1 Chapter One: Introduction Salvadore Domingo, a Brazilian-born Belgian businessman with interests in petro-chemical industries, arrived in Lagos, Nigeria, two days ahead of his planned meetings with some members of the Lagos chambers of commerce and officials of the ministry of trade. Domingo ordered for newspapers and magazines the morning after his arrival. The hotel supplied six magazines and 10 newspapers. All the publications without exception had a cover story on either the president or the state of the nation's political and economic well-being. From the front pages to the back pages, the coverage was not only negative but scary. The style of reporting was adversarial. The posturing was combative. To Domingo, the publications were indicative of two things: political instability and insecurity He packed his bags and left the country without attending the planned business meetings. There's no love lost between the government and the press in Nigeria. Government officials constantly blame t he press for over-blowing the ills of the society beyond reasonable limits under the pretext of holding government accountable to the governed. They accuse media practitioners of frustrating efforts to attract foreign investments needed to turn the economy around and give better life to the ordinary people. The press is perceived as an enemy of the people, which consciously creates tens ion as a means of boosting sales. Ironically, media practitioners consider government officials as the real enemy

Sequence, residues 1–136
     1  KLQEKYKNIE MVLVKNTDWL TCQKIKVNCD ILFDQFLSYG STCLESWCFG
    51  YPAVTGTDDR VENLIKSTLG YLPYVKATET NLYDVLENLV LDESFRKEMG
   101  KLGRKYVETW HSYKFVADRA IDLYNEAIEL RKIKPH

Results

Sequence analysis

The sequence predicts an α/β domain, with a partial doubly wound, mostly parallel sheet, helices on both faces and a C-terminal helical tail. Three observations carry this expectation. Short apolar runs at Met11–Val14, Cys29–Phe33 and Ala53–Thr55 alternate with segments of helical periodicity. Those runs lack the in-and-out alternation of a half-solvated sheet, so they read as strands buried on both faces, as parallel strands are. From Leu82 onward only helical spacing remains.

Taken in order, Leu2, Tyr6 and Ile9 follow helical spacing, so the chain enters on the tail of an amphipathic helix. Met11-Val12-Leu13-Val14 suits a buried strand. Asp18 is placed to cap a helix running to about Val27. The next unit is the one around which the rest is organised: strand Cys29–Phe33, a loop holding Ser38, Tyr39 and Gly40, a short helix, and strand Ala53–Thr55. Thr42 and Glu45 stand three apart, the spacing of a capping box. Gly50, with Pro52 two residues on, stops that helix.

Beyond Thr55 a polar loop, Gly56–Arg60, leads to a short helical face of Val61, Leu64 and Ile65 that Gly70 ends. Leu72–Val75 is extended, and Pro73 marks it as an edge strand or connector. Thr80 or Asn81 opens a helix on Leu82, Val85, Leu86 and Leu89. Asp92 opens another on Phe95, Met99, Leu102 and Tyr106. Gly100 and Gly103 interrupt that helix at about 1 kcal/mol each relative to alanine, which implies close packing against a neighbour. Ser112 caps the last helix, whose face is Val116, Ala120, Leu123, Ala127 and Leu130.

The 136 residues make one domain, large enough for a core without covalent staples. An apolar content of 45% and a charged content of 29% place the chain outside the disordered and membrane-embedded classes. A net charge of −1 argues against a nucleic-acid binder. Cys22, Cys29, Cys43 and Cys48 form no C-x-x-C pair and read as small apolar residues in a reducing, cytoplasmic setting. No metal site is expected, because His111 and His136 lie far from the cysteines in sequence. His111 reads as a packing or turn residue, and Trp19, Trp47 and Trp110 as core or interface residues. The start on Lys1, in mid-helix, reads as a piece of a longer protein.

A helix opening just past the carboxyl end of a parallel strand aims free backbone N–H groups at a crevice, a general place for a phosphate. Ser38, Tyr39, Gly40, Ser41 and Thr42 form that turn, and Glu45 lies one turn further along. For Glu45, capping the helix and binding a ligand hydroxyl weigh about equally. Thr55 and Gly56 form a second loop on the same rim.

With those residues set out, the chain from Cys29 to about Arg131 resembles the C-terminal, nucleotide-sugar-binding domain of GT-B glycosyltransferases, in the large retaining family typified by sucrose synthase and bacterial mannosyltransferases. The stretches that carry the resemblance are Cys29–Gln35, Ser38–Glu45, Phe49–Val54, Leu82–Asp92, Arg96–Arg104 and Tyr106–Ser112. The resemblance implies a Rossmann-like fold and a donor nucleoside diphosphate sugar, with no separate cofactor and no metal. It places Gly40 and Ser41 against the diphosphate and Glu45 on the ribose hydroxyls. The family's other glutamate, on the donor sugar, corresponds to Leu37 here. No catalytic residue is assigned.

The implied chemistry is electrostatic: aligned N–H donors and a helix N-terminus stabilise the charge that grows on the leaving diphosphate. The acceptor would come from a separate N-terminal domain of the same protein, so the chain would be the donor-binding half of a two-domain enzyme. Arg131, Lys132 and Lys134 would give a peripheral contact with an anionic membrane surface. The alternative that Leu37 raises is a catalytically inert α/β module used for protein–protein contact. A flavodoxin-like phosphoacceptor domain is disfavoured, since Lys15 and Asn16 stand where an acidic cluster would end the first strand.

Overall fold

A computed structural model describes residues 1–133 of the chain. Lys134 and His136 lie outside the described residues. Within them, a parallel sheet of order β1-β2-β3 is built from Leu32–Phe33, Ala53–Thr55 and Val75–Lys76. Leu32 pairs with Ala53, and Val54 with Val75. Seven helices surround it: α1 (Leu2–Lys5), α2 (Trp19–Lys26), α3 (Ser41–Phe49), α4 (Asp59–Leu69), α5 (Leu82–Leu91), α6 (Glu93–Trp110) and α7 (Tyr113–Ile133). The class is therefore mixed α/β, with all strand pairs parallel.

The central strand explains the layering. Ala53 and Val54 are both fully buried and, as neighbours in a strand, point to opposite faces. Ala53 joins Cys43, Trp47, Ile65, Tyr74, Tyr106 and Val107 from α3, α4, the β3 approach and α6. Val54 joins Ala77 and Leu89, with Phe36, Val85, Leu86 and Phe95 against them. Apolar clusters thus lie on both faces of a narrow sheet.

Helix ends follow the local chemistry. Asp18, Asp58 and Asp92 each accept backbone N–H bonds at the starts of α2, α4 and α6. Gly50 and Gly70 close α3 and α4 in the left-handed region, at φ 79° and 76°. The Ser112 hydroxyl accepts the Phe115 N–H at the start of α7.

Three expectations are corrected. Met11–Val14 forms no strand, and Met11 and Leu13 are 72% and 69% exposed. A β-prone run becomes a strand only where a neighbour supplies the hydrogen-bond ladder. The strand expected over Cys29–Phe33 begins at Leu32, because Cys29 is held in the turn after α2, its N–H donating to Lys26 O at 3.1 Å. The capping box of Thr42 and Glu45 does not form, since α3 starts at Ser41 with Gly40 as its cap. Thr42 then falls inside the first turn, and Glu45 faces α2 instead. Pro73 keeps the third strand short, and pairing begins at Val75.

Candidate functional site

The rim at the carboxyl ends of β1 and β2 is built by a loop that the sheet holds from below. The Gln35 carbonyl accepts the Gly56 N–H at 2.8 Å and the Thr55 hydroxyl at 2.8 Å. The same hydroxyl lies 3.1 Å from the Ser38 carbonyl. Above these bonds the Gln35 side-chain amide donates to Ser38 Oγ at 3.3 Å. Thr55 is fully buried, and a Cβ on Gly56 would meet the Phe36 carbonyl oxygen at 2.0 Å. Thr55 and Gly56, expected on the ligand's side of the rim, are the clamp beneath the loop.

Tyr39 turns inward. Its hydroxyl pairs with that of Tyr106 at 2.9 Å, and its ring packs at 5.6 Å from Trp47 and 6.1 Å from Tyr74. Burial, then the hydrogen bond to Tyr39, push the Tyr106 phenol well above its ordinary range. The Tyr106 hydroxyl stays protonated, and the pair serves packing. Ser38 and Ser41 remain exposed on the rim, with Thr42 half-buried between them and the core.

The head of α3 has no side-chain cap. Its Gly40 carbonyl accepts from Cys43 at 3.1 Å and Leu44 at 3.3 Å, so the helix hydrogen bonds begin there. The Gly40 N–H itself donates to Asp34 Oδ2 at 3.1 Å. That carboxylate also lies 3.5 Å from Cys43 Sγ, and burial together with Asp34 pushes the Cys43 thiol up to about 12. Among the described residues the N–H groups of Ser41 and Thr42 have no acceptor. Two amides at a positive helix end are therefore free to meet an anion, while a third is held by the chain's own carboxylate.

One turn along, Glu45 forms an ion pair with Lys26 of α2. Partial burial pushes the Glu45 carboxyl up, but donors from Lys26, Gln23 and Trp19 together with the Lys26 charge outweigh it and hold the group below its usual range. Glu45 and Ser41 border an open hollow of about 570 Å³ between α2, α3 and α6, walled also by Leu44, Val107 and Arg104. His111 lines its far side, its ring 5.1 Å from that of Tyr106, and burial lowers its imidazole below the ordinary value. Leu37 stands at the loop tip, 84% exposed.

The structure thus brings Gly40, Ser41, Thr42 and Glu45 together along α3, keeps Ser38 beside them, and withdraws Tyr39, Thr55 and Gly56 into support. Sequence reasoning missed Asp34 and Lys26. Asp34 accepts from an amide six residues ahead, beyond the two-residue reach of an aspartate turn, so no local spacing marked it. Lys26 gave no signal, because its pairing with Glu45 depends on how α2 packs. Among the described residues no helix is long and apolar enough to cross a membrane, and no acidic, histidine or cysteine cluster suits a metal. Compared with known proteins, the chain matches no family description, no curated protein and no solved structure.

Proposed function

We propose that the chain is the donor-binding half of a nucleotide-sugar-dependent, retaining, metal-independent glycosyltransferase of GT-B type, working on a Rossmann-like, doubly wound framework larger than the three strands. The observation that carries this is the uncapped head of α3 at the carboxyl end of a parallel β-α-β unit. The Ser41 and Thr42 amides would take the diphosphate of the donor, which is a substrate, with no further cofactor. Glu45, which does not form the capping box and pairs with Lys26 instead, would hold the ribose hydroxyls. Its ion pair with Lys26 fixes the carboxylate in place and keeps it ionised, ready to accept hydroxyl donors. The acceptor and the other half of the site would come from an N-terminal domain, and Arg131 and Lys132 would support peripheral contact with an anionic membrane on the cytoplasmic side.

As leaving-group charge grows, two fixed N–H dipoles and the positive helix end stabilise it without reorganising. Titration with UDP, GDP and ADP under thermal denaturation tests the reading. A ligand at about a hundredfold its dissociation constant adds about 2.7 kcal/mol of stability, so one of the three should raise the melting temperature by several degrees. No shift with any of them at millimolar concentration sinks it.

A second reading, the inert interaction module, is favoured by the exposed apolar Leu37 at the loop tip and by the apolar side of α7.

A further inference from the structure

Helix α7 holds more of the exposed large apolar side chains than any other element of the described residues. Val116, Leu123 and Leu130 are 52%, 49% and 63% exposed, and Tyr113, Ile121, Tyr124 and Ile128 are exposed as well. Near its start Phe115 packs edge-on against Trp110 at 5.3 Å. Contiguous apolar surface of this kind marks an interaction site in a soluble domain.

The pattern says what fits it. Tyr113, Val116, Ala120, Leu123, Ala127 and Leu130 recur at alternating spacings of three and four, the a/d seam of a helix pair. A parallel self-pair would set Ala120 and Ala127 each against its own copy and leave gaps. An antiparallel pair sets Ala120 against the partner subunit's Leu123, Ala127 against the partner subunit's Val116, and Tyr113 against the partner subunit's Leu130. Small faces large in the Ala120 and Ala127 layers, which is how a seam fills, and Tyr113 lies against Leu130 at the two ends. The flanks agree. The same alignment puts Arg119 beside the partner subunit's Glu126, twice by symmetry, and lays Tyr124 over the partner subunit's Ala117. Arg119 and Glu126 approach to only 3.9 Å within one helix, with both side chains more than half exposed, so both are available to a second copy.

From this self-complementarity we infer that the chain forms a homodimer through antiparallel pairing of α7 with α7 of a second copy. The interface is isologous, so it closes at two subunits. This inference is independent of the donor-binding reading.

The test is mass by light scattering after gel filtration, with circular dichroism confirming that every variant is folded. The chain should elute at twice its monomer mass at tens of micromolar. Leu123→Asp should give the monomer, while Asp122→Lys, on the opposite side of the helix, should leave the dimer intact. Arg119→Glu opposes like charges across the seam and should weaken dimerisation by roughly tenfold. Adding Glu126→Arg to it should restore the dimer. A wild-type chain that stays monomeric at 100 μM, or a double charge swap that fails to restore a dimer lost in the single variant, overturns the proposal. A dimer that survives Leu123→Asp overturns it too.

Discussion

2 of the ordinary people. Their suspicion of government and its programs as well as the media's adversarial postur ing are seen as indications of their patriotism. They equate consistent antagonism with holding the rulers accountable to the ruled. They perceive themselves as the real defenders of the nation's common heritage and blame government and its officials for policy failures as well as the nation's pervasive poverty in the midst of plenty. The implacable lack of co-operation between the press and the government in Nigeria is rooted in the history of both institutions. Government in Nigeria did not evolve through the desire, consultation and consent of the people. It is a creation of the colonial rulers, who only transferred power after a bitter struggle to their "chosen" local lords. The press represented the opposite. It wasn't just in the forefront of the struggle for independence, it provided the platform upon which the battle for self-government was fought and won. Peter Golding and Philip Elliott1 corroborated this view: Nigerian journalism was born of anti-colonial protest, baptized in the waters of nationalist propaganda and matured in party politics ". Ordinarily, it's a fundamental func tion of the press to perform the traditional watchdog role of monitoring government and its activities. Consequently, journalism's obligations, according to Bill Kovach and Tom Rosenstiel,2 is to tell the truth; be loyal to the citizens, maintain the discipline of verification of facts; practitioners must maintain independent stance from sources they cover and serve as an independent monitor of power. Others are: provide a forum for public criticism and compromise; make the significant interesting and relevant, keep news comprehensive and proportional and finally, its practitioners must be allowed to exercise their personal conscience.